Winter driving isn’t fun. Cold, slippery conditions can be dangerous and the salted roads turn your once shiny car into a dingy gray color. But where I live, these conditions are a fact of life. The best thing you can do id prepare yourself and your car for the winter. With winter on its way, there are several things you should do to your car to maintain its safety and efficiency.
How to winterize your car
Fluids. Make sure your fluid levels are topped off and that you have the proper anti-freeze and windshield washer fluid for cold temperatures. The heavy duty windshield washer fluid that you use in the summer to cut through the dead bugs may freeze in the winter. Make sure you buy the stuff rated for freezing temperatures.
Battery. Batteries are often affected by the cold and if your battery is getting old, there is the chance of getting stranded. Many parts stores will do a free battery check.
Tires. Tire safety is extremely important in wet, snowy, or icy conditions. Make sure your tires have good tread and are properly inflated (check the inside of the driver’s door or your owner’s manual for your recommended tire pressure). Both of these will help your tires maintain more traction with the road. Also keep your wheels in alignment which will help with steering and traction.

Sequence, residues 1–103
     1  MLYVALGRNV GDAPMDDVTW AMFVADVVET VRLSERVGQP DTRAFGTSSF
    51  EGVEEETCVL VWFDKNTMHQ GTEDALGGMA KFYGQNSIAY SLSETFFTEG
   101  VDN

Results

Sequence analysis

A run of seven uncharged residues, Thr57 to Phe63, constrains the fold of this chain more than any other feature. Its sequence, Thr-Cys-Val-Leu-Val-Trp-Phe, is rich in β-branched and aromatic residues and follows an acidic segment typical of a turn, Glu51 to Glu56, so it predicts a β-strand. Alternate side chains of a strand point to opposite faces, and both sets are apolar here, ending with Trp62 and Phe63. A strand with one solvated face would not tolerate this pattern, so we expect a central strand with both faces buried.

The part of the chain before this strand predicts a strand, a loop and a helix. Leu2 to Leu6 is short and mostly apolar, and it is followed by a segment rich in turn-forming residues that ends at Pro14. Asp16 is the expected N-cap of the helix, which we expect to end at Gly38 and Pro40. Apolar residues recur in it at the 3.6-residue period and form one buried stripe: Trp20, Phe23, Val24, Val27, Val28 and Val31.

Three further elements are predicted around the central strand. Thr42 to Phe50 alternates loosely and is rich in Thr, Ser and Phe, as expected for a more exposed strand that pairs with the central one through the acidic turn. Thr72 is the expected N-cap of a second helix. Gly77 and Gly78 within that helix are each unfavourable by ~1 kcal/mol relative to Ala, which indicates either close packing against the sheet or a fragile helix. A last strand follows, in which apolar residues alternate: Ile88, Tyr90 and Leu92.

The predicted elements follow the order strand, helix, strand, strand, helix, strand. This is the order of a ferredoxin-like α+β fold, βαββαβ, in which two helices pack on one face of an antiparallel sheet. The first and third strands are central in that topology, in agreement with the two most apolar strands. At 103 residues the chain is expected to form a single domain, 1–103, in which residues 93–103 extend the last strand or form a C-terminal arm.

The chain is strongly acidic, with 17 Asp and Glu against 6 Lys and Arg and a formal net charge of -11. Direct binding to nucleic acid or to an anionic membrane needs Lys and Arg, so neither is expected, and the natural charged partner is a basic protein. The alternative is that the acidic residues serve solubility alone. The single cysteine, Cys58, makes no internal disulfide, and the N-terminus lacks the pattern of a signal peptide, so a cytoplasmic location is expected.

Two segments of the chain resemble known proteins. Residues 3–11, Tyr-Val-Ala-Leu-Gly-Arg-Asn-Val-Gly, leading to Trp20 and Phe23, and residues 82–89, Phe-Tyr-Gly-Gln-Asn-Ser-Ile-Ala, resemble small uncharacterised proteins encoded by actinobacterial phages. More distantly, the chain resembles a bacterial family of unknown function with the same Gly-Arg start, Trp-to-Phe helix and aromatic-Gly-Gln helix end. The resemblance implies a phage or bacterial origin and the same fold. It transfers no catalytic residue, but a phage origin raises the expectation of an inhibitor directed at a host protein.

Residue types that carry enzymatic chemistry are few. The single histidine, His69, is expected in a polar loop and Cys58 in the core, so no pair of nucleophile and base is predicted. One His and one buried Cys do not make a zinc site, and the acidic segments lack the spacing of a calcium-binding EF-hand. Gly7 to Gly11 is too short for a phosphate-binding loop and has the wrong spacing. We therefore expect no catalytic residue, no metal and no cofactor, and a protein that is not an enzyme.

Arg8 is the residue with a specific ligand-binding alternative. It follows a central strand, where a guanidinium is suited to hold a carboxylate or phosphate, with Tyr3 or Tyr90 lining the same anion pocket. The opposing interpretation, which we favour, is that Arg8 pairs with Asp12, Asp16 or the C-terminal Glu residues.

Clean and wax. If you live in an area where roads are salted in the winter, it is a good idea to clean and wax your car before it gets too cold. This will help protect your paint job and make it much easier to clean your car in the spring. You may also want to rinse your car, top and bottom, a couple times in the winter if the weather permits.
Check engine light. If you have a check engine light or other warning light, get it checked before the cold weather sets in. This can help you prevent major repairs by catching a small problem before it becomes a big problem. There are many places where you can get your check engine light checked for free.
Add weight. If you have a small pickup truck, you may find it helpful to place a couple backs of sand in the bed of your truck. This will help your rear tires maintain traction in slippery conditions. This may decrease fuel efficiency though, so be sure to remove the bags in the spring.
Have an emergency kit. You will want to keep cones, flares, a spare tire and tire jack, a first aid kit, and some warm clothes or a blanket in case you get stranded.
Winter driving is dangerous enough without adding additional safety hazards. Doing a few little things on your end can help your car perform better and improve driver and passenger safety during the winter months.